Ukraine Cyber Defense Intact, Volunteer Force Engaged in Defense and Counter-Information Operations, Says Official

Justin Hendrix / Mar 4, 2022
Demonstrators in New York City's Times Square, 25 February 2022

Viktor Zhora, Deputy Head of the State Service for Special Communication and Information Protection of Ukraine, briefed reporters on Friday about his country's cyber defenses. He noted that despite the fact that "Russians are killing us with missiles and tanks," the state cyber defense team is functioning and the team has established processes to continue operation.

"We continue reducing cyber incidents, continue helping government agencies to be protected from cyber attacks, and we continue to support our cybersecurity systems in a state cyber protection center," said Zhora.

Zhora discussed the volunteer "army" of "specialists, software developers, QA testers, our friends and Ukrainians all over the globe united to defend our country in cyberspace."

And, Zhora suggested the "IT Army," which is not directly tied to the government, may now include many as 400,000 participants, though it is unclear what degree of participation is typical. A Telegram group referenced in a tweet by Ukraine’s minister of digital transformation, Mykhailo Fedorov, has swelled close to 300,000, according to the New York Times.

We are creating an IT army. We need digital talents. All operational tasks will be given here: https://t.co/Ie4ESfxoSn. There will be tasks for everyone. We continue to fight on the cyber front. The first task is on the channel for cyber specialists.

— Mykhailo Fedorov (@FedorovMykhailo) February 26, 2022

Zhora said there were "a number of different methods" being used by the volunteers to reach Russian citizens behind a border that is increasingly closed to external media and technology platforms, including calling them directly, sending emails, sending text messages and sharing messages and photos on social media. The volunteer army is made up of constituencies including Ukrainian students and others in the diaspora, as well as "cybersecurity experts and leaders" that coordinate their actions.

Zhora said the efforts of the government are defensive, noting "all these operations are to protect our land in cyberspace."

Zhora said the volunteers appear to see "three groups of targets," including government services used to target the aggression on Ukraine. "The second is media- the media is constantly lying to Russia citizens, making them believe that Ukraine are fascists, that Ukrainians should be extinct, removed from Earth." And the third, he said, is transportation. "They use transport to deliver soldiers and arms, to attack Ukraine."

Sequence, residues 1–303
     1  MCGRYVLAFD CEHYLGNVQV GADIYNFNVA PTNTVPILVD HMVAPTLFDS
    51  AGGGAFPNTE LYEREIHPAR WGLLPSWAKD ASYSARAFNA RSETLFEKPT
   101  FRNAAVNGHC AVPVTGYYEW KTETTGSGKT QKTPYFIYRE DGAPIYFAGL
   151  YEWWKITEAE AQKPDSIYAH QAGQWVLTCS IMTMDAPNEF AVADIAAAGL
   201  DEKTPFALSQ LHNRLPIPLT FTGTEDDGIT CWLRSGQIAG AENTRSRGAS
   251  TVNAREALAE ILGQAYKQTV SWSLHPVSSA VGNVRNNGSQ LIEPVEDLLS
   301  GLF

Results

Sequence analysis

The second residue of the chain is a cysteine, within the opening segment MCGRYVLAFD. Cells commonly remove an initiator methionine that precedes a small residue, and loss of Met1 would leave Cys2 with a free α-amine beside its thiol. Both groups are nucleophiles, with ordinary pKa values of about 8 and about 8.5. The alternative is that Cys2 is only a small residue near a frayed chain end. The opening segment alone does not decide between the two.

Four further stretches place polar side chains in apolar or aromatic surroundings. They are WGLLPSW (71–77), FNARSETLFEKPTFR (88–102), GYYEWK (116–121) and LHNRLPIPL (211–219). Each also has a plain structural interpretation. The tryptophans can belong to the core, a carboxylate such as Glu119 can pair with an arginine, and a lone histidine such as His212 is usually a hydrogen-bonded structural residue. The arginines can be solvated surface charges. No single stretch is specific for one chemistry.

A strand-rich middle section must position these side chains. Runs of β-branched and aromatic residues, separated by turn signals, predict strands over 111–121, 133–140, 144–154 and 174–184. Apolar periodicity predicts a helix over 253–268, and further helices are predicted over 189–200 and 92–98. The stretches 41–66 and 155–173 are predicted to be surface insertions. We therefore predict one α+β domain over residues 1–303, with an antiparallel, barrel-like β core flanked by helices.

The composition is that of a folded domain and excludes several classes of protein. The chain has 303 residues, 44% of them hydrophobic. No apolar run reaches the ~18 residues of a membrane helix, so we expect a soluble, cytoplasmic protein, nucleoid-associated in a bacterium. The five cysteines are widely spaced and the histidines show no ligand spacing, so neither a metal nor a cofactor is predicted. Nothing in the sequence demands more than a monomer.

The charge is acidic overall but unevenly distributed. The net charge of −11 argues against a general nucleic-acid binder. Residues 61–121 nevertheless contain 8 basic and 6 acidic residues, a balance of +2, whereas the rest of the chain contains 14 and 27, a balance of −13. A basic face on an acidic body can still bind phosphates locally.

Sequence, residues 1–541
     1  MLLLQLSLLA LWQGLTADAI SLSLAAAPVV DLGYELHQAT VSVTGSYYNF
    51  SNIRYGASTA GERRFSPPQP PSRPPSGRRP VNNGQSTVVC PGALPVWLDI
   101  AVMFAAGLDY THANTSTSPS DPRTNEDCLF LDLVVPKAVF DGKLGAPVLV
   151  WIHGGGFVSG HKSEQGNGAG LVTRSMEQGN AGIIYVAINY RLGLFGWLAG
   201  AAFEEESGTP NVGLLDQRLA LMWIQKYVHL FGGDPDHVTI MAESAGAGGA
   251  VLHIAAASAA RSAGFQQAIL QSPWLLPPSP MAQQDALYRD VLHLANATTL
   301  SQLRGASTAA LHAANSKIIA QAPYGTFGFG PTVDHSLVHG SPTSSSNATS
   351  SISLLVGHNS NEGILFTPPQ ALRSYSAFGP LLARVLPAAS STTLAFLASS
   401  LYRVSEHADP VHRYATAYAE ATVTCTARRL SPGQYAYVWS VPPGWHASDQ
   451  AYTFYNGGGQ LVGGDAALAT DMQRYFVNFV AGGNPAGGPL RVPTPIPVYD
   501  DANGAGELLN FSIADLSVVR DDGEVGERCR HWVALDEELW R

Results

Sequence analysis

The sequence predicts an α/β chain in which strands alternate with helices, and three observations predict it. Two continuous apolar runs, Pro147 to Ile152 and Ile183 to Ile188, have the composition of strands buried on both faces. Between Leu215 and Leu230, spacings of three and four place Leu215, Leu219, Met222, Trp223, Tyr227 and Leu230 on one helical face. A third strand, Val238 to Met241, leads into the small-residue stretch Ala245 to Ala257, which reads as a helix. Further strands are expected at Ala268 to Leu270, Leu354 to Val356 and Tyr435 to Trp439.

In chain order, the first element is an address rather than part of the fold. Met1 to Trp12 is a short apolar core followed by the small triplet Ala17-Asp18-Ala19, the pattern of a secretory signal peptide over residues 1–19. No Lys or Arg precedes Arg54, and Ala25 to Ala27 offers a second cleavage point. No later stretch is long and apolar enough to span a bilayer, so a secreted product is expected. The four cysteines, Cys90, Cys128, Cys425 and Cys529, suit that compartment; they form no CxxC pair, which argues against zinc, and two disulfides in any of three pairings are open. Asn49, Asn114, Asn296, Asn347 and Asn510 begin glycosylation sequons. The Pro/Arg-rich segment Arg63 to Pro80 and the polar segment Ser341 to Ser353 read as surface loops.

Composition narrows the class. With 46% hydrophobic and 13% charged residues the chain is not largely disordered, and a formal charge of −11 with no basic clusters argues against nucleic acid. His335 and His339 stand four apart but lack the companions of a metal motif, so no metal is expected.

Various groups-- including Anonymous and the Belarusian Cyber-Partisans-- claim to have conducted cyber attacks on behalf of Ukraine, including targeting Russian rail systems.

But, Zhora said, the government is not directly involved in the activities of such volunteers, and he noted that his office does not welcome any "illegal" activity. He said his office is more concerned with continuity of government and cyber defenses for officials being targeted, as well as forensics and collecting evidence of attacks. He says the Russian cyber offensive is more focused on targeting individuals at present than institutions.

"The world order changed on the 24th of February," said Zhora. "I don't think appealing to moral principles works, since our enemy doesn't have any principles. They are killing innocent people, children, women, they're firing on hospitals."

Zhora thanked U.S. businessman Elon Musk for making Starlink internet service available to Ukraine. Some Ukrainian citizens have had connectivity challenges amidst the invasion.

Starlink — here. Thanks, @elonmusk pic.twitter.com/dZbaYqWYCf

— Mykhailo Fedorov (@FedorovMykhailo) February 28, 2022

Zhora emphasized the limitations of his country's cyber defenses in the face of Russian violence. He said the most urgent need is for Ukraine to acquire conventional weapons to defend itself.

"It's not possible to win a cyber war and to lose a conventional war," he said. "I believe that the cyber war can be ended with the end of conventional war, and we will do everything to make this moment closer."

In an announcement posted to its website Friday, NATO's Cooperative Cyber Defense Centre of Excellence (CCDCOE) announced it would admit Ukraine as a "contributing participant," alongside its 27 sponsoring nations, suggesting potential closer coordination with NATO on cybersecurity in the future.

“Capability and knowledge comes from experience, and Ukraine definitely has valuable experience from previous cyber-attacks to provide significant value to the NATO CCDCOE. Estonia as a Host Nation of the CCDCOE has been a long-term partner for Ukraine in enhancing its cyber security capacity and cyber resilience and we welcome the decision of the members of CCDCOE agreeing to Ukraine’s membership,” said Minister of Defense of Estonia Kalle Laanet.

Zhora joined the Tech Policy Press podcast less than a month before Russia invaded Ukraine. Listen here.


Justin Hendrix
Justin Hendrix is CEO and Editor of Tech Policy Press, a new nonprofit media venture concerned with the intersection of technology and democracy. Previously, he was Executive Director of NYC Media Lab. He spent over a decade at The Economist in roles including Vice President, Business Development & ...